The Netherlands seems to be having some serious problems lately with ‘new’ technology. The troubles started in 2006 when the ‘We do not trust voting computers‘ foundation showed that the voting machines used in polling stations in the Netherlands were not transparent, did not provide the possibility of a recount and were very insecure – making it relatively easy to hack into them (either to play chess against them or to change the election results). Even worse, the ‘Regulation for approval of voting machines 1997′ said nothing at all about the security of the systems and only regulated that you should be able to drop the machine from a certain height, or that you could spill water over it and more of such mishaps. The campaign against the voting machines (used by 99% of the population) resulted in all the voting systems being decertified, and a withdrawal of the 1997 Regulations. The Dutch population will be voting by pencil and paper ballots again for a while to come. Isn’t it a reassuring thought your vote gets cast the way you want it and a recount is possible?
Having dealt with the nasty e-voting issue, the government is now faced with more technology disasters. A lot of money has been invested in creating plastic tickets with embedded RFID chips for use by frequent travellers in the Netherlands. This new systems was to be introduced on all trains, buses, trams and subways by 1 January 2009. The idea is that people can upload money on these tickets and an RFID reader will determine the cost of the journey and deduct the necessary amount. This public transport card uses the Mifare Classic Chip with cryptography produced by Trans Link Systems. During the Chaos Computer Club conference in Berlin last December two German hackers discussed how they reverse-engineered the cryptographic components of the chip, showing that it would only take minutes to find the secret keys to the cards. This makes counterfeiting of the cards possible, allowing Dutch citizens to free-ride the public transport system. In January students of the Radboud University showed that they could also hack the single-use cards (which don’t use cryptography). Maybe the existing system of paper tickets wasn’t so bad after all? Wouldn’t it be a relief to have no centralized record of all your movements?
The hack of the Mifare Chip caused a ripple effect throughout the country leading to the discovery in March by researchers from the Radboud University in Nijmegen that they were able to hack into the passes used to enter government buildings and other important locations. Millions of these contactless ‘swipe-cards’ are used to get into ministries, universities, laboratories and large companies. It seems that access control will have to be done by old-fashioned porters again.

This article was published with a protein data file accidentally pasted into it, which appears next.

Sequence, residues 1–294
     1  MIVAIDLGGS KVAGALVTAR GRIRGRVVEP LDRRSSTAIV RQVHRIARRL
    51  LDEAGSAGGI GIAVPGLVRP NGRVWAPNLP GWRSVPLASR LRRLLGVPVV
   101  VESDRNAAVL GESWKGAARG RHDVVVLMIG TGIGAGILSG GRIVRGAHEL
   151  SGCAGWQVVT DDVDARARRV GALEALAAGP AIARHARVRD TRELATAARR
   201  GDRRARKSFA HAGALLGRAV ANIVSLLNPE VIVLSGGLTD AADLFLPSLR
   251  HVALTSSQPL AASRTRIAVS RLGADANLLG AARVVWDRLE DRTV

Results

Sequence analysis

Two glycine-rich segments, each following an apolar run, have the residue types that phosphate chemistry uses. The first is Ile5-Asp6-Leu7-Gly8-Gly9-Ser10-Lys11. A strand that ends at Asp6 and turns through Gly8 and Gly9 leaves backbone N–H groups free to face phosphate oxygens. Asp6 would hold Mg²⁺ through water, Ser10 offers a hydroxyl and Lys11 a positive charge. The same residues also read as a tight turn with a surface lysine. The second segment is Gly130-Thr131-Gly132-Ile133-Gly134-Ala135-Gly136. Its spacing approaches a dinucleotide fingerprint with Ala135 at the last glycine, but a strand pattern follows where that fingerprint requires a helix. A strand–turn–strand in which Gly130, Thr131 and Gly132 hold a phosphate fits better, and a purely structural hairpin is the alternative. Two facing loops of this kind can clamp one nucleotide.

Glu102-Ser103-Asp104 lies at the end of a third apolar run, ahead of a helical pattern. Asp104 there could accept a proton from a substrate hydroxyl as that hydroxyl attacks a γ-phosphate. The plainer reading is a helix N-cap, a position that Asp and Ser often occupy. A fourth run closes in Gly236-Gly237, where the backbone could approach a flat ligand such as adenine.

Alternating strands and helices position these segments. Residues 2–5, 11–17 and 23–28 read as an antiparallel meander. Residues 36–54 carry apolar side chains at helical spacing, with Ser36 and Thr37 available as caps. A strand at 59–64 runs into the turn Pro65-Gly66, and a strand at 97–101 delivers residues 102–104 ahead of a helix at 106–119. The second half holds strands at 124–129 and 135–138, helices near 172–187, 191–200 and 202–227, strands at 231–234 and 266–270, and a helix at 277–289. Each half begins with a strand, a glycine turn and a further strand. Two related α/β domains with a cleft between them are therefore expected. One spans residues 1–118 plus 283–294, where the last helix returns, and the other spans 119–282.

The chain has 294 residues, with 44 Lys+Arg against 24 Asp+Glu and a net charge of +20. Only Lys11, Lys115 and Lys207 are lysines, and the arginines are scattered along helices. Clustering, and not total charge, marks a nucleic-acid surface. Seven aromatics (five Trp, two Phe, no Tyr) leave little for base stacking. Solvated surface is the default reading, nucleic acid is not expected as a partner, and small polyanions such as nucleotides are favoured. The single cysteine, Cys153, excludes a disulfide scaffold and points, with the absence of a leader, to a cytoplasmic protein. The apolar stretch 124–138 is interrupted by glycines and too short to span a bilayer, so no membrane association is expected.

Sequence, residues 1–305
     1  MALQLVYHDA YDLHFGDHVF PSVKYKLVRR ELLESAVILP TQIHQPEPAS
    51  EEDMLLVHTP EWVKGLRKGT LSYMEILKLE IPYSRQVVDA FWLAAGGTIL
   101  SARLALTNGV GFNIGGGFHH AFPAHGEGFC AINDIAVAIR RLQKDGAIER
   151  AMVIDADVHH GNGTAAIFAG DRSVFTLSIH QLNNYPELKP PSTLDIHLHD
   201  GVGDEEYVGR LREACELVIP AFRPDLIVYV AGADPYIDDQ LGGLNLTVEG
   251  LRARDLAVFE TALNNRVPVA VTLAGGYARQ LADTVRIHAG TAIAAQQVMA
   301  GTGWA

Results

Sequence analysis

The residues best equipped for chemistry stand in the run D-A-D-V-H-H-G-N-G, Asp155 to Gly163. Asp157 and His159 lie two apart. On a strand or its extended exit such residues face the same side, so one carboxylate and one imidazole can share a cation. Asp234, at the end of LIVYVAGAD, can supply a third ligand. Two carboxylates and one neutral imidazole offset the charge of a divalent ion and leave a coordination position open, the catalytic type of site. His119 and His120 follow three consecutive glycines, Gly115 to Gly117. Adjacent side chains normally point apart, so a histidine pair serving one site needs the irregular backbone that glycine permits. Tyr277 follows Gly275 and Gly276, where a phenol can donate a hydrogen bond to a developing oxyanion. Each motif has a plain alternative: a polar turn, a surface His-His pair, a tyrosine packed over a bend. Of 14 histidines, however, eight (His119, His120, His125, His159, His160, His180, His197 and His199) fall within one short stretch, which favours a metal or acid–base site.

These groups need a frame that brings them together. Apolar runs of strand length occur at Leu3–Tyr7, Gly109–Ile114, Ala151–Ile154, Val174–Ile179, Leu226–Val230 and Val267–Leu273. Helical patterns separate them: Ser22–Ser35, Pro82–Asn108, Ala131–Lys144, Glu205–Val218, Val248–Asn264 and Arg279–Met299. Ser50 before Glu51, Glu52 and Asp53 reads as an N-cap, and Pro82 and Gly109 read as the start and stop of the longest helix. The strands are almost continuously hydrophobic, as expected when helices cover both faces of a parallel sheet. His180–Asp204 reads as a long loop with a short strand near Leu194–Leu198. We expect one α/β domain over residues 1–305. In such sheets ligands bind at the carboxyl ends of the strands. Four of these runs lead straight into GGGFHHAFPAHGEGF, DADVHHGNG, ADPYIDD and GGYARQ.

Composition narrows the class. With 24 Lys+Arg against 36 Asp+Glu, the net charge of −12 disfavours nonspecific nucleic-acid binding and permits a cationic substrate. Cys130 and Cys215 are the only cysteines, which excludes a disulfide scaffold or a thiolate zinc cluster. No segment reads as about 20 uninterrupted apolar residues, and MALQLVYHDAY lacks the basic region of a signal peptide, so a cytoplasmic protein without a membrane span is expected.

And as if this wasn’t enough bad news, the final blow came at a Mastercard Europe Conference last week where it was announced that the Dutch PIN cards are probably the most insecure ones in the world. Most of these bank cards use magnetic strips and these can be easily skimmed (illegally copied by criminals). All banks will now have to incorporate chips on their cards, but how vulnerable will these turn out to be?
In each of these cases we see the same pattern when it is discovered that the technology is flawed. The vendors deny that there is a problem and become very defensive instead of taking the often well-meant advice and warnings at heart. Usually the revelations by hackers and researchers are followed by questions in parliament. It takes a couple of months or weeks for the truth to sink in: this technology is worthless now that the code is out and anybody could hack into it. ‘Security by Obscurity’ is no longer a valid security mechanism.
So what is going on? The Netherlands has always been an early adopter of new technologies. The voting computers I described have been in use since the 1980s and Dutch consumers have been able to pay for their purchases with PIN cards since 1987. There are 20 million PIN cards in use in the Netherlands, which means that with a population of about 16 million people, most adults have one or more PIN cards which they can use in nearly 225.000 shops and ATMs. Alas, being a forerunner of technology means that you are also likely to become the first one to see the drawbacks of these innovations. I think a useful way of explaining the current problems is Jan Romein’s Handicap of a head start which he described in his essay ‘The Dialectic of Progress’ (1935). In this publication the Dutch historian explains that it can be a real drawback to be advanced. Romein means that a head start may lead to stagnation, while an initial lag in development may lead to a leap forward. Trotski said it as follows: “The privilege of historic backwardness – and such a privilege exists – permits, or rather compels, the adoption of whatever is ready in advance of any specified date, skipping a whole series of intermediate stages” (1932). Obviously these ideas were based on different units of analyses (development of societies) but apply to new technologies as well. When you are the first one to embrace new systems, they can become so fixed that they hinder the development of different and possibly better systems. Another problem is that governments often implement new technology out of some sort of progress ideology. But maybe it is time to realise that in some situations going back to the starting point (paper and pencil for voting, porters for access control and paper tickets for travelling) is real progress – at least for the time being. Countries that have not yet adopted electronic voting or public transport systems with RFID better keep a close eye on the early adopters and take the lessons learned into account.
Playing chess against a Dutch voting computer